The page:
Something to consider is the fact that employees who are offered insurance through their employer are not eligible for subsidized Exchange coverage as long as the offered insurance meets certain requirements (cost and coverage).  If an individual purchases health insurance on the Exchange, that individual may qualify for a tax credit or a cost-sharing subsidy depending on income.  If an employee makes within four times the federal poverty level, that individual may be entitled to tax credits and cost-sharing subsidies.  The federal poverty level this year for individuals is $11,490 which means individuals making four times that amount, or $45,960, or less may be eligible for aid.  The poverty level for families is $23,550 which means families making four times that amount, or $94,200, or less may be eligible for aid.  The tax credits work like a cap on the cost of health insurance based on a sliding scale.  The cost-sharing subsidies lower the amount that an employee has to pay out-of-pocket in copayments, deductibles, and coinsurance and is available to people making within 250 percent of the federal poverty level.

If an employer offers coverage that meets the minimum requirements, those employees can still buy coverage on the Exchange and pay for it themselves.  However, they are disqualified from receiving any tax credits or cost-sharing subsidies since the employer offered adequate coverage.  Therefore, the employer may be doing a disservice to employees, especially low-wage earners, by offering coverage where the worker could otherwise buy better, lower cost coverage on the Exchange.  Employers who offer coverage to low-wage workers should seriously evaluate the kind of tax credits and cost-sharing subsidies those workers could receive if they purchase insurance on the Exchange and whether the employer’s plan really is a better option.  You can go onto the Exchange and review various plans to see how the tax credits and cost-sharing subsidies might benefit your employees at various income levels.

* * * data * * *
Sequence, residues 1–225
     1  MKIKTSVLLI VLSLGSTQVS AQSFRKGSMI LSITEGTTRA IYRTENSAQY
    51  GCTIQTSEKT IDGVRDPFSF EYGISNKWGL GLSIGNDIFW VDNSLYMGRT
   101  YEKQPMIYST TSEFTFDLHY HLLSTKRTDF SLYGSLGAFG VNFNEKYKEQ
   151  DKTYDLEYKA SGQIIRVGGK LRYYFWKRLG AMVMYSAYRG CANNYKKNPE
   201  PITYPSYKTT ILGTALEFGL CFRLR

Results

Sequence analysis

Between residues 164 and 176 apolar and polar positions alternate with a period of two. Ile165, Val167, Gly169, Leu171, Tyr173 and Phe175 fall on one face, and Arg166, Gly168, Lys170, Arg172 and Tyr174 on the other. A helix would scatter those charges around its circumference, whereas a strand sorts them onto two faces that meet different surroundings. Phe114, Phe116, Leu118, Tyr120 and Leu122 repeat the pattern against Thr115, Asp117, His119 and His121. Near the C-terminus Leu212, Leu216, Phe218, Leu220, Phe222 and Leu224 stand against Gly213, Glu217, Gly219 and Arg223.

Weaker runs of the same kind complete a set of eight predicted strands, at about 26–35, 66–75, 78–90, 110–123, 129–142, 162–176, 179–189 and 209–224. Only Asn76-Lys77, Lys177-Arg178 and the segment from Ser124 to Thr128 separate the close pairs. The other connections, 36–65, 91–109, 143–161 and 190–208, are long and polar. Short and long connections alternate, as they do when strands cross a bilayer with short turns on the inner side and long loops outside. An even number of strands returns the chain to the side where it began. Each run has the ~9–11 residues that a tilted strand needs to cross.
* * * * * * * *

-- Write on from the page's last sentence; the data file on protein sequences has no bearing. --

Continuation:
1. If you do not offer health insurance, your employees may blame you for the individual mandate penalty.  (This is important to large employers as well.) 

Employees will be hit with a penalty in 2014 under the individual mandate provisions of ACA for not buying health insurance if they make over $9,500 annually.  For 2014, that penalty is $95 for individuals and $285 for families or up to 1% of total household income, whichever is greater.  By 2016, that penalty will rise to a minimum of $695 for individuals and $2,085 for families, or 2.5% of total household income, whichever is greater.  After 2016, penalties will be indexed for inflation.

Employees who pay the penalty may start to resent their employer for not offering health insurance and “forcing” them to pay the penalty.  From an employee relations standpoint, you should evaluate this issue.  If you suspect it will be a bone of contention, you should address it now with the employees.  Explain how not offering coverage will help the employee obtain better insurance at a lower cost (based on the availability of subsidies and/or unspecified increased pay which employees could use to cover the costs – assuming you are offering this).  Disregarding employee relations could produce a major workplace confrontation that could lead to unionization or a rash of anonymous complaints to various governmental employment watchdogs which are waiting to scrutinize your employment practices.

  1. If you offer health insurance to your employees, make sure you are in compliance with changes in the law. 

Many changes in the law have already gone into effect.  For example, small-group plans must cap deductibles at $2,000 for individual coverage and $4,000 for family coverage.  Further, for high-deductible plans that are compatible with Health Savings Accounts (“HSA”), the deductible for 2014 is capped at $6,350 for individuals and $12,700 for families.  Insurance brokers should address this, but in case they don’t, employers should know the basics.